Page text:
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I don't make rugby chairs, but I do make day chairs...both Shelly Woods' and Dave's day chairs are also mine. Similarly, I've done rowing seats, waterski seats, handcycles and a few basketball chairs over the years.

We supply most of the chairs for the GB rugby team, but they're mostly Melrose from New Zealand or VMC from the States.

Making them is a possibility, but we're only a little comapny (6 of us) and I'm the only designed/fabricator, so expanding a product line is dfficult.

On the seating position...true, there aren't many elite long distance racers that have leg sensation. Cramping and poor circulation will always be a problem. A few double amps are coming up, but the longer races are dominated by SCI racers and Spina Bifida. At 1500m and above, racing is open class, so T54s will always dominate.

Hannah Cockcroft (T34), for example, can walk (albeit unsteadily) and would probably struggle to race, and would never medal, over 1500m+. Similarly, Tanni G-T raced at T53, and didn't win Para medals at the longer distances, as she had to race against the more able, faster, T54 classes (Mostly Chantal Peticlerc, from Canada).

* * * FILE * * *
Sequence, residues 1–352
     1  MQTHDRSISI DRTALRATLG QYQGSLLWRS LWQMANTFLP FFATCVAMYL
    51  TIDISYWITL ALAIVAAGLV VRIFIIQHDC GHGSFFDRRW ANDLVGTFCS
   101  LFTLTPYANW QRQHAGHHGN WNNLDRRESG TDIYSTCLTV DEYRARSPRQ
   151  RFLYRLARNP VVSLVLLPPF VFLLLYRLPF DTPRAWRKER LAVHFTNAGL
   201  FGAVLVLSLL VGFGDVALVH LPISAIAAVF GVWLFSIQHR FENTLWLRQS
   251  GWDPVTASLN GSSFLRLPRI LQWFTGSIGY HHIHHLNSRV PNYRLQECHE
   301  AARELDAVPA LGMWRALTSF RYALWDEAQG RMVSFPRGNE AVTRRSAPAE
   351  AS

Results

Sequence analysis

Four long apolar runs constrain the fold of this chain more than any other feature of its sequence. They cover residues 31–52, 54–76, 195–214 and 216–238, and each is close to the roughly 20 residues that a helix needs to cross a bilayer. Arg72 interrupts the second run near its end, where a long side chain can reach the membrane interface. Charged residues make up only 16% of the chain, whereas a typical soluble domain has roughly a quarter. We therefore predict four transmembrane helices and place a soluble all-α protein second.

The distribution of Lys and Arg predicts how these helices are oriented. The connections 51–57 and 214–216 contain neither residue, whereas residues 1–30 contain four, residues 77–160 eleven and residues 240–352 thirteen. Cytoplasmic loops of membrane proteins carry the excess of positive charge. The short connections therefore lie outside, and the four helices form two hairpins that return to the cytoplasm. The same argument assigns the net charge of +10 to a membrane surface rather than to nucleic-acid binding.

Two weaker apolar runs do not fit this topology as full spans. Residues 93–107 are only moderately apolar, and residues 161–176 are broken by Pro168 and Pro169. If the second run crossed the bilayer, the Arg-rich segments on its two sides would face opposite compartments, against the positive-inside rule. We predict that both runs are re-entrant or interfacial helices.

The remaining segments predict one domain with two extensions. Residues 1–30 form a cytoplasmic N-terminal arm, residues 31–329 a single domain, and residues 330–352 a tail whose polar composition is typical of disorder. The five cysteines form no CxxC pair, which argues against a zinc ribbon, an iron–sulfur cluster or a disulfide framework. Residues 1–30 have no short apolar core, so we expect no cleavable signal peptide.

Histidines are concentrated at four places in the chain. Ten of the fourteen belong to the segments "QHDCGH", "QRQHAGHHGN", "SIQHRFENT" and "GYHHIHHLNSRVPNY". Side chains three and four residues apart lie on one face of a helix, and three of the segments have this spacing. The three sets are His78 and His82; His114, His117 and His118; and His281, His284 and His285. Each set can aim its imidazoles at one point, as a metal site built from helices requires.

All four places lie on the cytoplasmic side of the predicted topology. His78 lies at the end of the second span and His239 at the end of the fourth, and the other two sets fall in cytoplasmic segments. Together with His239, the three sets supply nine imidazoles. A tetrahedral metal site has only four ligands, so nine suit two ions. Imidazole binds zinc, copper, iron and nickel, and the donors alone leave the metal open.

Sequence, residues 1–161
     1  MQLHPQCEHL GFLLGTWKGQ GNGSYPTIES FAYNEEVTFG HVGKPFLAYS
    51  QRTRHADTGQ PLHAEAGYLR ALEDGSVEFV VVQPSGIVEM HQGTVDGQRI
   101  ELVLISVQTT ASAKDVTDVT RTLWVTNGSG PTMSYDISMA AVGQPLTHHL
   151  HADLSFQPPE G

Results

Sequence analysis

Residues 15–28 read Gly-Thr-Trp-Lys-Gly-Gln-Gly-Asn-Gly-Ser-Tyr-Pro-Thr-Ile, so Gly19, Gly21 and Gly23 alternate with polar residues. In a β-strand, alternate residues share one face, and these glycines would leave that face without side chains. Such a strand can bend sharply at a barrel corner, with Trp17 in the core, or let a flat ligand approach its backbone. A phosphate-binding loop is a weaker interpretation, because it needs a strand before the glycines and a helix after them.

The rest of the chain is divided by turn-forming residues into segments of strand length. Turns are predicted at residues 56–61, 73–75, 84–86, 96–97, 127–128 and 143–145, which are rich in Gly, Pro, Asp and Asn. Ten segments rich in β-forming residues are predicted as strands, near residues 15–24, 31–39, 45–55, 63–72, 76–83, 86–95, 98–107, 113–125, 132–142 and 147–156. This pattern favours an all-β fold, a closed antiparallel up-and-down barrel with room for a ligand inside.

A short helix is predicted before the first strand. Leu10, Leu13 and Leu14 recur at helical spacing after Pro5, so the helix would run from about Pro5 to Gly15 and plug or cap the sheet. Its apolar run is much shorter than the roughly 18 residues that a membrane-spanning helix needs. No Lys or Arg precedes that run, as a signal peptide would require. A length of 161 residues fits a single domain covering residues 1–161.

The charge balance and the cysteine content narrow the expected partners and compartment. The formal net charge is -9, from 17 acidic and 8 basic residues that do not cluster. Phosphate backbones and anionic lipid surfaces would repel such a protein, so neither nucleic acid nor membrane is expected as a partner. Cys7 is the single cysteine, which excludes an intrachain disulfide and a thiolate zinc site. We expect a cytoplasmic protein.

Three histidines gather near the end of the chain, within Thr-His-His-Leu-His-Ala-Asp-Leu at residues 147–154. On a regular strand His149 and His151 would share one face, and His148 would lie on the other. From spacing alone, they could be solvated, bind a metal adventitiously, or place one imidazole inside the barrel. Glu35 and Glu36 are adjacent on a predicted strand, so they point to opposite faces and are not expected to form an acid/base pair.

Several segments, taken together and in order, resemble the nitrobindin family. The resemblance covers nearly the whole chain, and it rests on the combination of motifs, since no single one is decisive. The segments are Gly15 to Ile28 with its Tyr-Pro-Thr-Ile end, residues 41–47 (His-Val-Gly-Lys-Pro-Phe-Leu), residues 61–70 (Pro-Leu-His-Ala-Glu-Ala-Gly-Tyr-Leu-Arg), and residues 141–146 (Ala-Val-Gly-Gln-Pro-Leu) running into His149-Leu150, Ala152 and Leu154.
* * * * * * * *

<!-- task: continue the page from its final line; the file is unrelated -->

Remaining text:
At lower levels of the sport, there are often footplates etc, and the athletes (especially the CP T34 etc ones) sit in a much more conventional 90/90 degree position. More comfortable, but far less efficient.

All the best,


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PostPosted: Sun Sep 09, 2012 11:03 pm 
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danson67 wrote:
Highlands:
Quote:
There is a chap near here who is making sexy wheelchairs.

Andrew Slorance at Carbon Black in Nairn? Certainly very nice, we'll see how the price and customisation options settle down. Carbon fabrication doesn't lend itself well to either being practical.

All the best,


Yes of course, but we have the skills to do it here. I am constantly bemused by the importation of very basic steel chassis mobility scooters, etc. from China when we have all the skills and inginuity to create lightweight hi tech ones here, en masse, at competitve prices.

Remembering a lot of these aids are sold to the government at hugely inflated prices, I would love to see innovative companies taking advantage of what is a large market and making a real difference to the everyday practicalities of life with a disability.